Tobruk

Heroes sunk and unsung

Eastwood archaeologist Michael Bendon is researching the vessels used to evacuate troops in World War II 
Photo Tim Clapin


By Robert Kennard - Northern District Times

Dr Michael Bendon is trying to identify two sunken British naval vessels used to evacuate 30,000 Commonwealth troops - mostly Australian and New Zealanders - from Greece in World War II.

Known only as the A6 and A20 landing craft tanks (LCT), the vessels used pioneering technology of the time, enabling 900 men to be taken off the beach and on to a vessel without the need for smaller ferries.

They began evacuating soldiers on April 24, 1941: Anzac eve.

“The connection of these vessels to Anzac history is astounding,” Dr Bendon said. “Thousands of Australian and New Zealand lives were saved because of the sheer load of men these vessels could carry.”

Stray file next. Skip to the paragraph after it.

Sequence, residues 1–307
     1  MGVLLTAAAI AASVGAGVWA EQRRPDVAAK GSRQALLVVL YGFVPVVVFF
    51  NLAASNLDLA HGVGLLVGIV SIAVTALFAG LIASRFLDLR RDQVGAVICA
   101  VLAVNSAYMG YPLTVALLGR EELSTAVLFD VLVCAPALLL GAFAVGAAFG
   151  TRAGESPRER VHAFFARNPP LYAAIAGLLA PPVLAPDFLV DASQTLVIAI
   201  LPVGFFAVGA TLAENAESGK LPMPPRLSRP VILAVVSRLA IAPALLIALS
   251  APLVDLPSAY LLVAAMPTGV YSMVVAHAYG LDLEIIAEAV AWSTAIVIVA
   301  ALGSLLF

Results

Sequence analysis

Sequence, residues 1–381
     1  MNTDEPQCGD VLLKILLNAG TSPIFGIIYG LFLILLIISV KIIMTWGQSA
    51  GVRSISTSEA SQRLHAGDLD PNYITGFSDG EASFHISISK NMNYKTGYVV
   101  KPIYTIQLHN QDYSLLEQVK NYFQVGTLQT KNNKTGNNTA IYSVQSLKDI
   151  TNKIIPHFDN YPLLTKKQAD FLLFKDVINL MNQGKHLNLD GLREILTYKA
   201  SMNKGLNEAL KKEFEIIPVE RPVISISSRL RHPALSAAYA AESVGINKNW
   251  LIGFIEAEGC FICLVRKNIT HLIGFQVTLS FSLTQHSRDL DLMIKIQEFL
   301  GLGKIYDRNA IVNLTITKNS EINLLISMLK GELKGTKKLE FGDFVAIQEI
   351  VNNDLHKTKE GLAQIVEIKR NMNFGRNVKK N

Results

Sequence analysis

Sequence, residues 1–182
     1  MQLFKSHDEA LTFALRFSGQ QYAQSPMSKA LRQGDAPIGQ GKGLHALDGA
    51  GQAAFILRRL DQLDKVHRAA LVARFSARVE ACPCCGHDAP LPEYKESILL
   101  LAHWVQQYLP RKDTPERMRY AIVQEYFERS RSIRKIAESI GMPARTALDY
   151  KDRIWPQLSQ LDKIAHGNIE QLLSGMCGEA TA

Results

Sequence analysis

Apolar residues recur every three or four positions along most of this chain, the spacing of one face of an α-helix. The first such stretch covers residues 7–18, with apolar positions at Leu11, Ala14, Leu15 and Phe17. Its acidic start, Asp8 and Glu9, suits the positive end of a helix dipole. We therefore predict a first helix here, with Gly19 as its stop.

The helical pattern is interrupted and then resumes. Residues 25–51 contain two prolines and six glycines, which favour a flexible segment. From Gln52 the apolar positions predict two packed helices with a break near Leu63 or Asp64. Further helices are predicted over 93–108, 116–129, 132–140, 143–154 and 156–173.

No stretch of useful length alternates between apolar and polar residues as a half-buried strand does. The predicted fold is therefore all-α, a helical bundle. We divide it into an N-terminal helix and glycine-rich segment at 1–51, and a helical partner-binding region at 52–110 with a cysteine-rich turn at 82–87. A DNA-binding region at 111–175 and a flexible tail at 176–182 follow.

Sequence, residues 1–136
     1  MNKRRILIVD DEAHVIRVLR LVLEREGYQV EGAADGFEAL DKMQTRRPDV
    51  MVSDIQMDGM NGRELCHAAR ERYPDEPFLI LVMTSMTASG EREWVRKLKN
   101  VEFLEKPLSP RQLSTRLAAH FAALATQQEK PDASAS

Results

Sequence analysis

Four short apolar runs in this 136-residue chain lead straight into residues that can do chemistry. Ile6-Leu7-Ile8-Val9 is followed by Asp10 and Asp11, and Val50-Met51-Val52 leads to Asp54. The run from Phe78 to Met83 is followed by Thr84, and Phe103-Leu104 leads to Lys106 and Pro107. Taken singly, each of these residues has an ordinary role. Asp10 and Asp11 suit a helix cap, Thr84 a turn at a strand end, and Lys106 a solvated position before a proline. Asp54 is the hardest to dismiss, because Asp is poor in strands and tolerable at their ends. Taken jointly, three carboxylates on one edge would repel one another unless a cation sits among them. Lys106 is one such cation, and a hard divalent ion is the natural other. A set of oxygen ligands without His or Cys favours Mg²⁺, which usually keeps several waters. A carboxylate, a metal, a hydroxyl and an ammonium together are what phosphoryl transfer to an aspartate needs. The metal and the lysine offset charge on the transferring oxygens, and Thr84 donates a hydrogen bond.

Twenty LCTs were commissioned by British prime minister Winston Churchill in 1940, and were hastily delivered to the North African and Mediterranean theatres of war in 1941.

Witnesses reported the vessels identified by Dr Bendon were dive-bombed by German aircraft at the end of May 1941.

Although local villagers have always known the vessels were there, Dr Bendon said the British and the Australian War Memorial had yet to identify them.

“British reports still say the vessels were lost in action somewhere in the Middle East,” he said.

“It seems no one has bothered to investigate these shipwrecks until now.”

Dr Bendon hopes to secure funding to investigate other LCT wrecks in Tobruk and off the coast of mainland Greece.